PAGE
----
Indigenous peoples inhabited the area dating to approximately 2000 BC. In 1818, the Delaware relinquished their tribal lands in the Treaty of St. Mary's. In 1821, Indianapolis was founded as a planned city for the new seat of Indiana's state government. The city was platted by Alexander Ralston and Elias Pym Fordham on a 1 square mile (2.6 km2) grid next to the White River. Completion of the National and Michigan roads and arrival of rail later solidified the city's position as a manufacturing and transportation hub. Two of the city's nicknames reflect its historical ties to transportation—the "Crossroads of America" and "Railroad City". Since the 1970 city-county consolidation, known as Unigov, local government administration operates under the direction of an elected 25-member city-county council headed by the mayor.

Indianapolis anchors the 27th largest economic region in the U.S., based primarily on the sectors of finance and insurance, manufacturing, professional and business services, education and health care, government, and wholesale trade. The city has notable niche markets in amateur sports and auto racing. The Fortune 500 companies of Anthem, Eli Lilly and Company and Simon Property Group are headquartered in Indianapolis. The city has hosted international multi-sport events, such as the 1987 Pan American Games and 2001 World Police and Fire Games, but is perhaps best known for annually hosting the world's largest single-day sporting event, the Indianapolis 500.Indianapolis is home to two major league sports clubs, the Indiana Pacers of the National Basketball Association (NBA) and the Indianapolis Colts of the National Football League (NFL). It is home to a number of educational institutions, such as the University of Indianapolis, Butler University, Marian University, and Indiana University – Purdue University Indianapolis (IUPUI). The city's robust philanthropic community has supported several cultural assets, including the world's largest children's museum, one of the nation's largest privately funded zoos, historic buildings and sites, and public art. The city is home to the largest collection of monuments dedicated to veterans and war casualties in the U.S., outside of Washington, D.C.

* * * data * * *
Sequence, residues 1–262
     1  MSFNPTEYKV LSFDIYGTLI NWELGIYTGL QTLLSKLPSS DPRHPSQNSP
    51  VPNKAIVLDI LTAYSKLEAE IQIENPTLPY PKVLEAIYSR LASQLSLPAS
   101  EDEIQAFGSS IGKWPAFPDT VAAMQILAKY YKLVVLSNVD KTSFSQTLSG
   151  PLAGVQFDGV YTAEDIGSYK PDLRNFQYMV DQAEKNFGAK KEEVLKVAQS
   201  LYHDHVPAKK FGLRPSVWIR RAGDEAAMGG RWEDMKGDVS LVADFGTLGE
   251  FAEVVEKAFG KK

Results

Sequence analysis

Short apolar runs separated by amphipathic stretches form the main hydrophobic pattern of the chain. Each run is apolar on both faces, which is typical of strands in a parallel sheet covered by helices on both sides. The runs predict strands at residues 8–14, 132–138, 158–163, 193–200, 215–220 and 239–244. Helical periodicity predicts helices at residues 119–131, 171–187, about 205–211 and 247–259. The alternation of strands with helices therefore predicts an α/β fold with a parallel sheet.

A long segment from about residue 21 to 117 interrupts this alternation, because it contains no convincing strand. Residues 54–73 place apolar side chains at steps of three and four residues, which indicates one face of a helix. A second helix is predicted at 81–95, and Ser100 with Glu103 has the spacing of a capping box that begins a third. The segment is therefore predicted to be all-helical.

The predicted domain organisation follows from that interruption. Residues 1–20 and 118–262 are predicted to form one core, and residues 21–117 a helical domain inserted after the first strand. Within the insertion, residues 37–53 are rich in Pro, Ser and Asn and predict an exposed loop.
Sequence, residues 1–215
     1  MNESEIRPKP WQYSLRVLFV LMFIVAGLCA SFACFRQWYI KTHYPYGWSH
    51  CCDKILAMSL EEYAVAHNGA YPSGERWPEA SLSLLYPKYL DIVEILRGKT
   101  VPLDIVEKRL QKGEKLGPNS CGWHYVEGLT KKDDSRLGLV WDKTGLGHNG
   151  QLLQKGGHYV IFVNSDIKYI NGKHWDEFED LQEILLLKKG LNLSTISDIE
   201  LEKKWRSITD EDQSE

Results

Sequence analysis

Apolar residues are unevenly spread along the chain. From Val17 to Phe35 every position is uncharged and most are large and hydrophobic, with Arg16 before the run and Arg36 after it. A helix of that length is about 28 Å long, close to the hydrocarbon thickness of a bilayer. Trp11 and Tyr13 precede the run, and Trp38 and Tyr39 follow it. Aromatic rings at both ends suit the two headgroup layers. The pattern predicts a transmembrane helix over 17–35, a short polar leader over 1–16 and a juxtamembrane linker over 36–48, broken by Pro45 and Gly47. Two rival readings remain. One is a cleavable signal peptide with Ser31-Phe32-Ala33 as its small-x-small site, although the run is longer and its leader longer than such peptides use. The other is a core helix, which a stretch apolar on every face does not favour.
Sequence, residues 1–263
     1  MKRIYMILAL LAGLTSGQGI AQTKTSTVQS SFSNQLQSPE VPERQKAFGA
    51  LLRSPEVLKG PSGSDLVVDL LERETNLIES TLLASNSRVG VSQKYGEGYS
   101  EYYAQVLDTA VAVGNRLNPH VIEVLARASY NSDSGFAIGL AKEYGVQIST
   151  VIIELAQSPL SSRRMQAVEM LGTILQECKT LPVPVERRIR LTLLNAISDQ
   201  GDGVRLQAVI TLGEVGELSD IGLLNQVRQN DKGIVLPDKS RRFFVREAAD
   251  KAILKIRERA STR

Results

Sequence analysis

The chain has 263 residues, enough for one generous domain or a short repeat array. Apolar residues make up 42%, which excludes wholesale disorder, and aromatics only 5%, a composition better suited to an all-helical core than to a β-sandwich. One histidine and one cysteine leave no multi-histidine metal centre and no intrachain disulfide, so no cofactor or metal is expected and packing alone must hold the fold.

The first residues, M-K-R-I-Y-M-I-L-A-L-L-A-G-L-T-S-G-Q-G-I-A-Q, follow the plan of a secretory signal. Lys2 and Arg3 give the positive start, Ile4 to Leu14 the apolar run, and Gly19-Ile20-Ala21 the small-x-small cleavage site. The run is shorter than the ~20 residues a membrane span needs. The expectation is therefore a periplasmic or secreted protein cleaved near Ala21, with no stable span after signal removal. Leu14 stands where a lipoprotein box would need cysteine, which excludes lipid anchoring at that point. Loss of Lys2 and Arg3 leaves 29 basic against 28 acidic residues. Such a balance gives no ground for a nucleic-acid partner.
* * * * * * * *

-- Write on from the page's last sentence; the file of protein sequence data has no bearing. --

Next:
Iyami Aje

Iyami Aje is a Yoruba term of respect and endearment used to describe a woman of African ancestry who is considered to be an Aje, a woman who wields myriad arcane creative biological, spiritual, and cosmic powers.

Journal of Folklore Research

The Journal of Folklore Research: An International Journal of Folklore and Ethnomusicology is a triannual peer-reviewed academic journal covering research on folklore, folklife, and ethnomusicology. It was established in 1942 and is published by Indiana University Press

Postmodern theology

Postmodern theology—also known as the continental philosophy of religion—is a philosophical and theological movement that interprets theology in light of post-Heideggerian continental philosophy, including phenomenology, post-structuralism, and deconstruction.

Research in African Literatures

Research in African Literatures is a triannual peer-reviewed academic journal covering African literary studies. It was established in 1970 and is published by Indiana University Press. The editor-in-chief is Kwaku Larbi Korang (Ohio State University).

Solomon Meredith

Solomon Meredith (May 29, 1810 – October 2, 1875) was a prominent Indiana farmer, politician, and lawman who was a controversial Union Army general in the American Civil War. He gained fame as one of the commanders of the Iron Brigade of the Army of the Potomac, leading the brigade in the Battle of Gettysburg.

Symphony No. 93 (Haydn)

Symphony No. 93 in D major, Hoboken I/93, one of the twelve London symphonies (numbers 93–104) written by Joseph Haydn.

It was completed in 1791 as one of the set of symphonies completed for his first trip to London. It was first performed at the Hanover Square Rooms in London on 17 February 1792.

Transition Magazine

Transition Magazine was established in 1961 by Rajat Neogy and was published from 1961 to 1976 on the African continent, and since 1991 in the United States. It is published three times per year by Indiana University Press.

Victorian Studies

Victorian Studies is a quarterly peer-reviewed academic journal published by Indiana University Press. It covers research on nineteenth-century Britain during the reign of Queen Victoria (1837–1901) and publishes essays, forums, and reviews on a variety of topics concerning Victorianism, including literature, social and political history, philosophy, fine arts, science, economics, and law. It is the official journal of the North American Victorian Studies Association.

Victorian Studies was established in 1956 at Indiana University by Philip Appleman, William A. Madden, and Michael Wolff. The journal is hosted by the university's Victorian Studies Program, in conjunction with the English department. The current editors-in-chief are Ivan Kreilkamp, Rae Greiner, Monique Morgan, and Lara Kriegel.Recent issues of the journal have focused on a variety of topics, ranging from science, including "Darwin and the Evolution of Victorian Studies", to the more subjective sphere of "Victorian Emotions".

William D. Middleton

William D. Middleton (March 25, 1928 – July 10, 2011) was an American reporter, writer and photographer. The majority of his work was on the subject of railroad history and operation. He published over 20 books and approximately 700 articles for magazines and newspapers, accompanied by photographs. His work as a photographer was profiled in the Spring 2011 issue of Classic Trains magazine.He was one of the lead editors, along with George M. Smerk and Roberta L. Diehl, for the Encyclopedia of North American Railroads.